Pakistan’s domestic politics is a major factor in its relations with India. The Pakistani military does not trust the leaders of Pakistan two major political parties – Benazir Bhutto of the Pakistan Peoples Party (PPP) and Nawaz Sharif the Pakistan Muslim League (PML). Since the 1999 coup d’etat that brought General Musharraf to power, the military has attempted to rewrite Pakistan’s constitution and restructure its polity -- the fourth such attempt in Pakistan’s relatively short history as an independent nation. The exclusion of Bhutto and Sharif from the political process has benefited the Islamist political parties, which were the major beneficiaries of the controlled parliamentary election held in October 2002. The Islamists control the Northwest Frontier province, represent the largest non-government group in parliament and share power in the province of Balochistan. Their political power enables the military to drag its feet in implementing promises about ending Islamic militancy in Indian-controlled territory. On the other hand, the ascendancy of the Islamist leaders makes it difficult for politicians and intellectuals to advocate a settlement with India. An Islamist leader recently declared publicly that “killing Hindus” was “the best approach to the 56-year old dispute between Pakistan and India over Kashmir.” (47) The rise of Hindutva or Hindu nationalism in India is feeding the religious frenzy in Pakistan while the political gains of the Pakistani Islamists have empowered India’s religious hardliners. The clash of these rival religious sentiments is hardly conducive to rational discourse aimed at seeking solutions for the Kashmir issue.
India has considerable advantage at present over Pakistan in almost all aspects of national power. It would be in India’s interest to help Pakistan gain sufficient confidence as a nation to overcome the need for conflict or regional rivalry for nation building. This process got under way with Prime Minister Vajpayee’s bus trip to Lahore in 1998 but was derailed as a result of the Kargil conflict in May 1999. The diminution of military ascendancy in Pakistan’s domestic politics is crucial for the normalization of relations between the two South Asian nations. At present, given U.S. support for General Musharraf’s regime, there is little likelihood that the military’s role in Pakistani politics will diminish. But the international community, especially the U.S., could increase pressure for restoration of civilian rule in Pakistan, paving the way for a constitutionally mandated civilian government to resume the Lahore peace process. In Kashmir, India could start a process of political inclusion that would help identify credible Kashmiri partners in restoring peace. Pakistan would need to back away from its deep involvement with the Kashmiri political opposition to pave the way for an inclusive political process. Dialogue among Kashmiris from both sides of the LOC would also help reduce tensions.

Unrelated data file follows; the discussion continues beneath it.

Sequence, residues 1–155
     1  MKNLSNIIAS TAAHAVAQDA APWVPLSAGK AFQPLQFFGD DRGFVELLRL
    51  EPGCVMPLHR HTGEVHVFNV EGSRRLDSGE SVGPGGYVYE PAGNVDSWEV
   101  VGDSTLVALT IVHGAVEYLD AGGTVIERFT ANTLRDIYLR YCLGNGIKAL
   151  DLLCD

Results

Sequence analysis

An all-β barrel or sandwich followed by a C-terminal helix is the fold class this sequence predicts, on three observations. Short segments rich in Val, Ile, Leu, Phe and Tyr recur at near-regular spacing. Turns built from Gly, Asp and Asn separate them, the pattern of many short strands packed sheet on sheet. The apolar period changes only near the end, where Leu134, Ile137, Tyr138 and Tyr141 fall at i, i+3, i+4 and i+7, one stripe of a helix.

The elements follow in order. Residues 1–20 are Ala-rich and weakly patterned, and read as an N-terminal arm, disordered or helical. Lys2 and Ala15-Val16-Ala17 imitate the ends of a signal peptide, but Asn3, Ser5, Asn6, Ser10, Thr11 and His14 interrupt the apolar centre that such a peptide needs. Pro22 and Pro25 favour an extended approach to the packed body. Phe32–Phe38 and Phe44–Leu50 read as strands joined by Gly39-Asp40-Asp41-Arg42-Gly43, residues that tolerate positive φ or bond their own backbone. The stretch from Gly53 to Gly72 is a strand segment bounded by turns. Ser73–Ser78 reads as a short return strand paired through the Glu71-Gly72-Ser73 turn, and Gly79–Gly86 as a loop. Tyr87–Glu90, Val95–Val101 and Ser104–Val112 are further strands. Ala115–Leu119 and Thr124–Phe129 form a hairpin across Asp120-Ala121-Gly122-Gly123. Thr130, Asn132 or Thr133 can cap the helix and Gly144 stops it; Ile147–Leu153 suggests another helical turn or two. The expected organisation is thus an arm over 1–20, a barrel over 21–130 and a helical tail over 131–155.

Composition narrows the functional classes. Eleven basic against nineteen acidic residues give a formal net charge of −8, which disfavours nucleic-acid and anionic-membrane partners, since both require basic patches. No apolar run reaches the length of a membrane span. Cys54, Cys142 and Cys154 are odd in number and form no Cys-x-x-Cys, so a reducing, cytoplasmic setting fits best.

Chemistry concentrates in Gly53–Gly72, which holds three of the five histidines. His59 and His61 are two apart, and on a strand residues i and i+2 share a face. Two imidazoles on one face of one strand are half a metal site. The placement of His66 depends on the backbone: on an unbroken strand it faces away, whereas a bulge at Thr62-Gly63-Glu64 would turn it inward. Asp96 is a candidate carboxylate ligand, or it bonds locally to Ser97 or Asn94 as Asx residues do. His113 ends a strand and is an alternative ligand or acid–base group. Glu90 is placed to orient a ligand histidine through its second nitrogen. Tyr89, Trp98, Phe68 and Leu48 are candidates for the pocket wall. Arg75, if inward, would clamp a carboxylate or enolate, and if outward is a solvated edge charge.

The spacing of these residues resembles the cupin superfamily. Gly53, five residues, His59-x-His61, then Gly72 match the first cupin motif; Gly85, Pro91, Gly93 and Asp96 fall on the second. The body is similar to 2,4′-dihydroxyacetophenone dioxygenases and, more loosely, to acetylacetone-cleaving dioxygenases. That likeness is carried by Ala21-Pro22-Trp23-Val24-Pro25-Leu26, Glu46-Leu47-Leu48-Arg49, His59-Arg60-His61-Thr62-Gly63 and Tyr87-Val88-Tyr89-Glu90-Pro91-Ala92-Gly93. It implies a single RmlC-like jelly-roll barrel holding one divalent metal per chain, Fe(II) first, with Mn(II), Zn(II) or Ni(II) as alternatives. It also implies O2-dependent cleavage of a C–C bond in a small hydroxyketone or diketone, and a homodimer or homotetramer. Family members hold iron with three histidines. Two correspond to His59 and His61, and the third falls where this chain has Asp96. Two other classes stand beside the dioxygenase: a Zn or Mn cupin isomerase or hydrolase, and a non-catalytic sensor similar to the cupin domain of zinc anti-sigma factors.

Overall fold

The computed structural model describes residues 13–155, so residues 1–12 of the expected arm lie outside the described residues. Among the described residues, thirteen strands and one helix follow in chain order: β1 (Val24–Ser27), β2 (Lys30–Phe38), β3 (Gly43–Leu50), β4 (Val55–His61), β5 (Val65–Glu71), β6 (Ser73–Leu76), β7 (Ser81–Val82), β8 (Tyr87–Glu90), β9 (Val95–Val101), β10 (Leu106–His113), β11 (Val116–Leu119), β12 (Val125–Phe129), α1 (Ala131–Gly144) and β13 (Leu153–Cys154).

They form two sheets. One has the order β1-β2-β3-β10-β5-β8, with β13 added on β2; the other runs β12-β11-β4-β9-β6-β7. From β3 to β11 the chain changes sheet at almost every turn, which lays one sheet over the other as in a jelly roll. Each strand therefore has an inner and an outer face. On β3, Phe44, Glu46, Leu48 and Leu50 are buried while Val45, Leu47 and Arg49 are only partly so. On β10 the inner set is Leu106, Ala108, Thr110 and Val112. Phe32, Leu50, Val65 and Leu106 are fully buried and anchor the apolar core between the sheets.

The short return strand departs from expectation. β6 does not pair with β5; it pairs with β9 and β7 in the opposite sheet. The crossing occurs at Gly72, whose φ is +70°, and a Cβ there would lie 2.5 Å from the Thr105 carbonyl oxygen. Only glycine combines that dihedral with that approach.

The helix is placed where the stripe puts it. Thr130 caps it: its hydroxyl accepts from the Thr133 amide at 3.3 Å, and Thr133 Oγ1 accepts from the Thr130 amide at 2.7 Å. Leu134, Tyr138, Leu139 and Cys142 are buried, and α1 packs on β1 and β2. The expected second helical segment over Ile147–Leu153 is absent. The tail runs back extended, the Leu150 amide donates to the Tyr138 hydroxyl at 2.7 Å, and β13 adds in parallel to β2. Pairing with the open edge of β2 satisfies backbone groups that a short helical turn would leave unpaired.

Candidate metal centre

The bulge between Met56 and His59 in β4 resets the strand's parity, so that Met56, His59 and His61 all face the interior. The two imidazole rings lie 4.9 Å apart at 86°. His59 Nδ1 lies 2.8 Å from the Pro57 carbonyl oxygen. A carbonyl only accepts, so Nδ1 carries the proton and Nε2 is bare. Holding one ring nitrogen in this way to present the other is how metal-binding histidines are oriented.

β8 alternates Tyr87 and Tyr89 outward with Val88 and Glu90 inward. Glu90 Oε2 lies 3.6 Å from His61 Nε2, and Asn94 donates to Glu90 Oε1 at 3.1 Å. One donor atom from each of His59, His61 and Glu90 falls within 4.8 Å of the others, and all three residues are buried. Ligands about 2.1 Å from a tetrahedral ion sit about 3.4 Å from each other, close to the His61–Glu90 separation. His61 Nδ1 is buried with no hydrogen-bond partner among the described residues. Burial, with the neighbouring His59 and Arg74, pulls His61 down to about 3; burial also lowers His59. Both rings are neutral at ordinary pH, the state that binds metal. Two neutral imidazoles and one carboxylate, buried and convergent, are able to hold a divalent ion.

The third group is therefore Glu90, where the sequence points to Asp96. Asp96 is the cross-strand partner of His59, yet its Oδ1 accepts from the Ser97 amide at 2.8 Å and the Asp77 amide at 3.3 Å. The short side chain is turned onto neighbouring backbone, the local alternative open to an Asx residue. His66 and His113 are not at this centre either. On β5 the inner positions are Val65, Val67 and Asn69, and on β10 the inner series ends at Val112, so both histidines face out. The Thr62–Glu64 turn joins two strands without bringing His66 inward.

As things stand, however, Kashmir seems an intractable problem with potential for further India-Pakistan conflict. India believes it can maintain the status quo with its superior military force while Pakistan continues to bleed India and demand talks without having worked out what it would seek in these talks short of demanding the cession of all of Kashmir.
(1) M. M. R. Khan, The United Nations and Kashmir (Groningen, Netherlands: J.B. Wolters, 1956), p. 62.
(2) For a thorough discussion of nation building in India and Pakistan and its relation to the Kashmir conflict, see Sumit Ganguly, Conflict Unending: India-Pakistan Tensions since 1947 (New York: Columbia University Press, 2001).
(3) This argument continually resurfaces, for example, in Suroosh Irfani, ed., Fifty Years of the Kashmir Dispute (Muzaffarabad: University of Azad Jammu and Kashmir, 1997).
(4) See, for example, Indian Prime Minister Atal Bihari Vajpayee’s Independence Day Remarks delivered on August 15, 2002. This address is available online at the Indian Government’s Information Center,
(5) Abdul Sattar, “Fifty Years of the Kashmir Dispute: The Diplomatic Aspect,” in Irfani, Fifty Years, pp. 11-12.
(6) See, for example, M.A. Jinnah, Speeches as Governor General (Karachi: Ferozsons, 1981).
(7) Stephen P. Cohen, The Pakistan Army (Berkeley: University of California Press, 1984), pp. 6-8.
(8) Homer A. Jack, ed., The Gandhi Reader (Bloomington: Indiana University Press, 1956), pp. 454-56.
(9) See Pervez Musharraf’s interviews with The Hindu (April 1, 2002) and CNN (June 1, 2000). Both are available online at the Government of Pakistan’s information portal,
(10) Khan, United Nations and Kashmir, p. 62. It is significant that the argument in Pakistan has changed little since 1955, when Khan’s book was published.
(11) For more on the British role in Kashmir, see Alastair Lamb, Kashmir: A Disputed Legacy (Hertingfordbury, England: Roxford Books, 1991); Victoria Schofield, Kashmir in the Crossfire (New York: I.B. Tauris, 1996).
(12) Rajmohan Gandhi, “Understanding Religious Conflicts,” in Monique Menkenkamp, Paul van Tongeren, and Hans van de Veen, eds., Searching for Peace in Central and South Asia (Boulder: Lynne Rienner, 2002), p. 297.
(13) All Pakistani authors on the subject emphasize the existence of support for the All Jammu and Kashmir Muslim Conference led by Yusuf Shah and Ghulam Abbas. Ganguly, in Conflict Unending, refers to Kashmiri leader Shaikh Abdullah recognizing his limited support in some areas.
(14) This argument is advanced in Ian Stephens, Horned Moon (London: Chatto and Windus, 1954); Chaudhri Muhammed Ali, The Emergence of Pakistan (New York: Columbia University Press, 1967). For more on Nehru’s “one nation” ideal, see Josef Korbel, Danger in Kashmir (Princeton: Princeton University Press, 1966).
(15) Khan, The United Nations and Kashmir, p. 52. See also Lamb, Kashmir: A Disputed Legacy and Ali, The Emergence of Pakistan.
(16) See Ali, The Emergence of Pakistan; Shahid Hamid, Early Years of Pakistan(Lahore, 1993).